course11-lesson1-topic1-photo1Constructivism is a theory about development that is most often associated with Jean Piaget and social constructivism is connected to Vygotsky (MacNaughton & Williams, 2009).  The theory of constructivism assumes that knowledge is acquired through active involvement with content instead of imitation or memorization of it (Kroll & LaBoskey, 1996). Piaget reaffirmed experiential learning and teaching; that in order to learn one must develop. Piaget’s focus is environmental whereas a Vygotskian perspective supports the concept that one learns in order to develop (Rodd, 1997). Vygotsky (1962) believed that the only good instruction is that which marches ahead of development and leads it. While Piaget viewed knowledge as being constructed from personal experiences, Vygotsky’s position maintained that personal and social experiences could not be separated. From this theory we get the concept of co-constructivism.

The term co-construction denotes the engagement that early learning teachers and children have with each other as they work and play together to find shared meaning, rather than facts. Co-construction is a term often associated with the theory of emergent curriculum. Emergent is a theory about curriculum that is used to describe how curriculum is developed. Click on the words below to learn more.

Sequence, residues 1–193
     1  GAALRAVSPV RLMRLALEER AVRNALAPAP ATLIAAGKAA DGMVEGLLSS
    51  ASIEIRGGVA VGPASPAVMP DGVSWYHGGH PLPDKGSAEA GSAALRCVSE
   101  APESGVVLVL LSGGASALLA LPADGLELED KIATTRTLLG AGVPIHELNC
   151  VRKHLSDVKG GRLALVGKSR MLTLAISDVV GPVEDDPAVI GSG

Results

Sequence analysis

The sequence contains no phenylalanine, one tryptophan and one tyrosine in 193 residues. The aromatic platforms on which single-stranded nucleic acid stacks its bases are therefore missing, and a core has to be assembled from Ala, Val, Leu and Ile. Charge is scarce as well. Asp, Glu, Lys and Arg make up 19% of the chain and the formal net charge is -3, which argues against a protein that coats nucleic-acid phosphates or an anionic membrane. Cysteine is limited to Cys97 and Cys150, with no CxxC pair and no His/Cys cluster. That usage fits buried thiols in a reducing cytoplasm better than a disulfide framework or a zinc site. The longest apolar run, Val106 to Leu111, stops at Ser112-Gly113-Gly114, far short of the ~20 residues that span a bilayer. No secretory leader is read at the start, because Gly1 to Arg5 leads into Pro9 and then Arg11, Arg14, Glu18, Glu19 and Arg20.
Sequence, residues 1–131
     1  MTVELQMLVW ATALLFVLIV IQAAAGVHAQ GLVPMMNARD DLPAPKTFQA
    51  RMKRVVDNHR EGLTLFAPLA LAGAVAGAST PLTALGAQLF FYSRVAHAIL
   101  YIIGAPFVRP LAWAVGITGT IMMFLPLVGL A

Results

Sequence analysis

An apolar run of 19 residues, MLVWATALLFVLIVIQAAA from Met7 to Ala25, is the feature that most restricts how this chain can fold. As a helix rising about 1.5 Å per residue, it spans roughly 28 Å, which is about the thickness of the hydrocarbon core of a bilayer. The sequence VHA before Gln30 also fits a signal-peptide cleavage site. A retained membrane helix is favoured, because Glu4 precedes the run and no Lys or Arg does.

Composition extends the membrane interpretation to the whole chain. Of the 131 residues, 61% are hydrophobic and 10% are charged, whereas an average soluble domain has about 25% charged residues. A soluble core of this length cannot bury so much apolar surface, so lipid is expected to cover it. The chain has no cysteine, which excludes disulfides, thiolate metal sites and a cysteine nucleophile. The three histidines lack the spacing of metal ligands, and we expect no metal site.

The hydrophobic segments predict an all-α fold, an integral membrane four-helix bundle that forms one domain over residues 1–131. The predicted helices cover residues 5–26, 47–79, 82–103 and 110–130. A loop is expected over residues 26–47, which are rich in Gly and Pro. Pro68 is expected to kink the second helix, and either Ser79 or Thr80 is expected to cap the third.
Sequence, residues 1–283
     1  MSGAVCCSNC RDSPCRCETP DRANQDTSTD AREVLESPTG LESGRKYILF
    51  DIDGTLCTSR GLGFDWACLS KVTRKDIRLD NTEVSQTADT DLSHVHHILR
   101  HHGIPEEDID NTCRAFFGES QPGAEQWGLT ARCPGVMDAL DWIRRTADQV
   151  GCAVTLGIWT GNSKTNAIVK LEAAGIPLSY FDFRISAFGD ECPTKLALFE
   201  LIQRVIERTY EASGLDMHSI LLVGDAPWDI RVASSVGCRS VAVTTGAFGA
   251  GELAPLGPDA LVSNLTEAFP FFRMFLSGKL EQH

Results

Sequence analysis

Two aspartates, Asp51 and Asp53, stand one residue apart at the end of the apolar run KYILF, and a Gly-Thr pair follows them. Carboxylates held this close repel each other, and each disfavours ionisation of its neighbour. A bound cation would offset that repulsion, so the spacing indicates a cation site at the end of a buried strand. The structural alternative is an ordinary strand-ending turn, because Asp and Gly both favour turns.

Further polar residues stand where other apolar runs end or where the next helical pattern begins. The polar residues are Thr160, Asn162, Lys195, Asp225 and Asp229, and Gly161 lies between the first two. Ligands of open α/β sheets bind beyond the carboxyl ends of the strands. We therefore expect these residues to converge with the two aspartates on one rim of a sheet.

The term emergent curriculum refers to an approach that emerges from the interests of the learner and is socially constructed (Jones & Nimmo, 1994). Emergent curriculum is the umbrella term that incorporates project-based learning, inquiry and Reggio-inspired teaching and learning. For the educators in Reggio Emilia, teaching and learning becomes an art that is expressed through the use of progettazione, project curriculum constructed with pedagogical documentation (Rinaldi, 1998).


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Curriculum is termed emergent when it evolves, diverging along new paths as choices and connections are made, and it is always open to new possibilities that may not have been thought of during the initial planning process. Elizabeth Jones and John Nimmo wrote about the approach in the seminal book Emergent Curriculum (1994). In the book, the authors caution educators not to wrongly assume that everything in an emergent curriculum simply emerges from the children.
In the article, the Emergence of Emergent Curriculum Jones (2012) described her own experience working with young children in the 1950s and outlined the process of planning as one that was made “day to day in response to our observations and reflections on children’s needs and interests. The curriculum was set down only after it had taken place, not laid out in advance except in broad terms” (2012, p. 66). This, Jones called “emergent curriculum”. Read the article below:

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www.naeyc.org/yc/files/yc/file/201203/Heritage_v67n2_0312_0.pdf